After the weekend of non-stop-80th-birthday-partying, it was time to return to my glamorous life in DC. My parents dropped me off at the airport with my cousin Denny and his daughters.  I checked my bag, and went to the airport bar to have a drink with them and wait for my flight to be called.

After about 30 minutes and one super oaky glass of chardonnay later, I bid my cousins adieu and walked toward the security line.  Since the Little Rock airport is relatively small, there happened to be no one waiting in line.  There, were, however, about 20 feet of zig-zagged stanchions.

I walked around the side of the maze of stanchions to the front of the line, nodded at the TSA agent who winked me permission, and squatted under the first stanchion, in a most Bel Biv Devoe fashion. (You’re looking for the 4:04 mark here.)

When I stood upright, things felt…a little…weird.  But if there’s one thing I’m really fucking good at, it’s denial. So, I stood up super straight and clenched my buttcheeks together so tightly they could turn coal into diamonds. I prayed to Juanita’s Sweet Jesus that he would keep the two sides of my pants together and forged ahead.

(Somewhere there is a TSA agent with a hilarious blog on which I’m featured prominently.)

So much clenching happened during the moments immediately after the dip, and then subsequently as I made my way through the metal detector, removing my BUCKLED SANDALS and then putting them back on, that I blacked out a bit.  It wasn’t until I got to the bathroom to assess the damage did I realize that I had checked my luggage and had no alternate pants into which to change.

So, I did was anyone would do:  I went to the gift shop and bought the largest sized t-shirt I could find to wear as a kicky mini-dress for the rest of the trip.  It was an XXXL and blissfully came to my knees.  I did NOT, however, buy a sewing kit, which would have been an easy fix to my dilemma.  Just goes to show you how debilitating the clenching was to my thought process.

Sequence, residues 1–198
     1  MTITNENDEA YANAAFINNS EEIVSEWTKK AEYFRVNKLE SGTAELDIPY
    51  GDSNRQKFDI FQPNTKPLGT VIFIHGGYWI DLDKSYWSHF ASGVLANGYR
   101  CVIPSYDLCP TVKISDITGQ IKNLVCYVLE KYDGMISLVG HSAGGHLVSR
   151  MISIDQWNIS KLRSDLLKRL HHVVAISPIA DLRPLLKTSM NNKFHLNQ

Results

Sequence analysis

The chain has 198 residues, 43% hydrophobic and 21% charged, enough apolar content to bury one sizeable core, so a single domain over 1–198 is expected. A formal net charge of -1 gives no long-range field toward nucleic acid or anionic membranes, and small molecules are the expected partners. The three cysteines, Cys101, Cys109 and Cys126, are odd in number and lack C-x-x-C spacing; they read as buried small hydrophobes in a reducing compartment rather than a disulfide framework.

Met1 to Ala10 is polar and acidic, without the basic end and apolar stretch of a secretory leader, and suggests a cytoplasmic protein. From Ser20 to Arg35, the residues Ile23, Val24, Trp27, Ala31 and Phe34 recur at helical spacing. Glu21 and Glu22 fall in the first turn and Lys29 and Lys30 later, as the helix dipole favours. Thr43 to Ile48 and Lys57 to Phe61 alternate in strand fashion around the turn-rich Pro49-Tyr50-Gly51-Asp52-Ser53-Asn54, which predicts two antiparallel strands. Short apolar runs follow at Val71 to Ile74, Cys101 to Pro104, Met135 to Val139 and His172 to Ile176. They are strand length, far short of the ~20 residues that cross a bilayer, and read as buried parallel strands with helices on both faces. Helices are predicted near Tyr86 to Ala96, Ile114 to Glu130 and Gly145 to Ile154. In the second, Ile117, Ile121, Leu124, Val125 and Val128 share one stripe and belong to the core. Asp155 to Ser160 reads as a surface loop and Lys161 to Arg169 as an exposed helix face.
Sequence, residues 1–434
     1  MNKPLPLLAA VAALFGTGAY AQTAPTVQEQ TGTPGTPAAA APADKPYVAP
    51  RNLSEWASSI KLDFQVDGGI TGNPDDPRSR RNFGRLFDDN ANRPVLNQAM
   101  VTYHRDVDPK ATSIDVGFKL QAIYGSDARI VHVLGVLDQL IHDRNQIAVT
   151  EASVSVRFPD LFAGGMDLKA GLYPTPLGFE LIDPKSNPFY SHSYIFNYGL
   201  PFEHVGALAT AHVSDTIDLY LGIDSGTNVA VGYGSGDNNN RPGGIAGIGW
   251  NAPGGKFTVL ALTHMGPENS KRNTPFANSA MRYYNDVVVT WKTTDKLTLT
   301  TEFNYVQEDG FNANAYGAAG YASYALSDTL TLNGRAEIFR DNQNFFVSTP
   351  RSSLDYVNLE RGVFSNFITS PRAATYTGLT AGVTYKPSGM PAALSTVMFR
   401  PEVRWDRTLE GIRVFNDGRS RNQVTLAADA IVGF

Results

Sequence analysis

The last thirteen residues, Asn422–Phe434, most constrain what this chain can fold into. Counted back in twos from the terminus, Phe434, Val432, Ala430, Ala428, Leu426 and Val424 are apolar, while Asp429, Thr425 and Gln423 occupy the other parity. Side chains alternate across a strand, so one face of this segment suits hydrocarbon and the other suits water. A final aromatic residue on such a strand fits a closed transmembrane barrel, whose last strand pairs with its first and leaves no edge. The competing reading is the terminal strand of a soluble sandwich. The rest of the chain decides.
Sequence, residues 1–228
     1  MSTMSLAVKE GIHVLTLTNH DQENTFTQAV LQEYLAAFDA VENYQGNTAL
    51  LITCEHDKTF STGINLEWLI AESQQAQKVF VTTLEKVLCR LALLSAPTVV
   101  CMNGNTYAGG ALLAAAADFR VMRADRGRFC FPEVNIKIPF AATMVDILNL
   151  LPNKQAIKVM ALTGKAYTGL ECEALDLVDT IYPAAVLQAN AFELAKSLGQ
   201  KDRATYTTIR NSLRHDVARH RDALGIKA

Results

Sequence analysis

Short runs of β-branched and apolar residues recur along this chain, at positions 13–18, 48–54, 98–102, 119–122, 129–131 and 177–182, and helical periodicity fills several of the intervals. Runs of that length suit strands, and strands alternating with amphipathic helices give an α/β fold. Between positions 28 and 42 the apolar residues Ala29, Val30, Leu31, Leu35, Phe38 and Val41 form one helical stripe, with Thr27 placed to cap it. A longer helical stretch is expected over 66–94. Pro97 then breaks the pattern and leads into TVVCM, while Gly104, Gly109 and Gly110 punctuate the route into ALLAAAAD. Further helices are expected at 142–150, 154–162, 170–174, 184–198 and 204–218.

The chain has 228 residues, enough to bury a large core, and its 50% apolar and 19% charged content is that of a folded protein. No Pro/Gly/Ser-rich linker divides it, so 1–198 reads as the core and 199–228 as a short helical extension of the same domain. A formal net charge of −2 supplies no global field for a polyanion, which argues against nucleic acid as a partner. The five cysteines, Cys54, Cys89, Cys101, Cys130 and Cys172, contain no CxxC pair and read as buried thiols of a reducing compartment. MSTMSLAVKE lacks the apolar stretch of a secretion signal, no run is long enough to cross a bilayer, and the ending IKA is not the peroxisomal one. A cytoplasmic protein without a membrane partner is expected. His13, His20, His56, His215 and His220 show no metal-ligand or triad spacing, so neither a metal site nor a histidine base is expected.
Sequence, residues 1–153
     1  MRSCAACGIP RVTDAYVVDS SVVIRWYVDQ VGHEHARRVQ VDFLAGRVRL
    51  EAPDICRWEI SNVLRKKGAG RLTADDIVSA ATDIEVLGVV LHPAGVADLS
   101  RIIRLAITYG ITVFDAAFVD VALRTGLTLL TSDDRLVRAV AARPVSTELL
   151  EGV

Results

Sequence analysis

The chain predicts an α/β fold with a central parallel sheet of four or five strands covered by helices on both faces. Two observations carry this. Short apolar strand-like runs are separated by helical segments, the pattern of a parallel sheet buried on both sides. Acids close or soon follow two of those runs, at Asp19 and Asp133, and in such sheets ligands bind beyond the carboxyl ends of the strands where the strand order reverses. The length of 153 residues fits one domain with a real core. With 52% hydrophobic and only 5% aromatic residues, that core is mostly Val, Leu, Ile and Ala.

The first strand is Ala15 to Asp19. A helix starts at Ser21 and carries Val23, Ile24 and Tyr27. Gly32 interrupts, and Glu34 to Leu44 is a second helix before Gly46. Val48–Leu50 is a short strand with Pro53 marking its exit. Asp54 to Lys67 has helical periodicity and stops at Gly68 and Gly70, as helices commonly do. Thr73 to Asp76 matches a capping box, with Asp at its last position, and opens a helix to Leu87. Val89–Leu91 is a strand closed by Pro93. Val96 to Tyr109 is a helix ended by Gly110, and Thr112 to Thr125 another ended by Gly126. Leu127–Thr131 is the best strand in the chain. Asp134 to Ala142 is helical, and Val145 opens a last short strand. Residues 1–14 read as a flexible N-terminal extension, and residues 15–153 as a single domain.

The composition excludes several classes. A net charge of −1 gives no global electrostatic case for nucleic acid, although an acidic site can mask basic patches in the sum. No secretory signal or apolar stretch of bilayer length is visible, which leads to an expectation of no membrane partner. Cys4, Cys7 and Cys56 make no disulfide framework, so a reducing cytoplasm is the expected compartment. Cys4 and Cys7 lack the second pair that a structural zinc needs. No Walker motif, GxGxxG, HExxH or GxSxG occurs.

The rest of the trip was uneventful, except for the periodic lactic acid tremors in my ass-cheeks, and I got home safely with relatively no fuss.

So.  When I start to feel a little highfalutin, I remember that one time when I had to clench to save my dignity.

Who? Me?


Oh hello.  I’m Amy.  Most people call me Bridges, which makes internet anonymity hard to achieve.  I’m a 39 year old artist, writer, environmentalist and comedian, although not professionally.

Here are a bunch of stupid facts of that are mostly superficial in nature.

My favorite colors are orange, lime green and hot pink, much like a sixth grader.  I’m bad at fashion and hate how clothes fit my body, so I would love to live in a barefoot, bra-less world of loose-fitting t-shirts and yoga pants.

I have long eyelashes, so naturally mascara is my #1 favorite thing on the planet.  This whole blog could be about mascara but according to user testing, it’s “not important” and “irrelevant” and “totally dumb.”

I love live music of all kinds.  I especially love if that live music has amazing harmony. I hate denial. I love reading. I love my cat, Otis Redding. I love debating, but I despise arguing.  I irrationally hate bell peppers.  I have an English degree and a great vocabulary but my favorite word is the F one. Making someone laugh is my daily goal.

I have a collection of crosses on the wall by the door in my apartment, a Buddha in my living room and another one in the bathroom. Mostly I believe that the universe’s* love, protection and grace is all that really matters.  I believe in giving someone a helping hand, personal responsibility and equality for all people.

Lastly, a note on Awesomeness:  When I pay attention to what I hear on television, and read on Facebook and Twitter, I hear non-stop messages about how I’m not accomplished enough, not married enough, not thin/smart/rich enough, how I don’t move my bowels or engage my core enough, etc.  (You get the picture.) After years of reflection, introspection, and self-awareness, finally, I have learned to say to myself, ENOUGH.  I’ve heard enough already. I am enough. I’ve started own mental b-roll and voice-over, chock full of how awesome I am.  Get ready to listen.

And when my awesomeness occasionally crosses the line to highfalutin, I remember the time I split my pants in the airport, and I regain perspective.

I really hope you enjoy your time here.


*God, Allah, Universe, Mother Oprah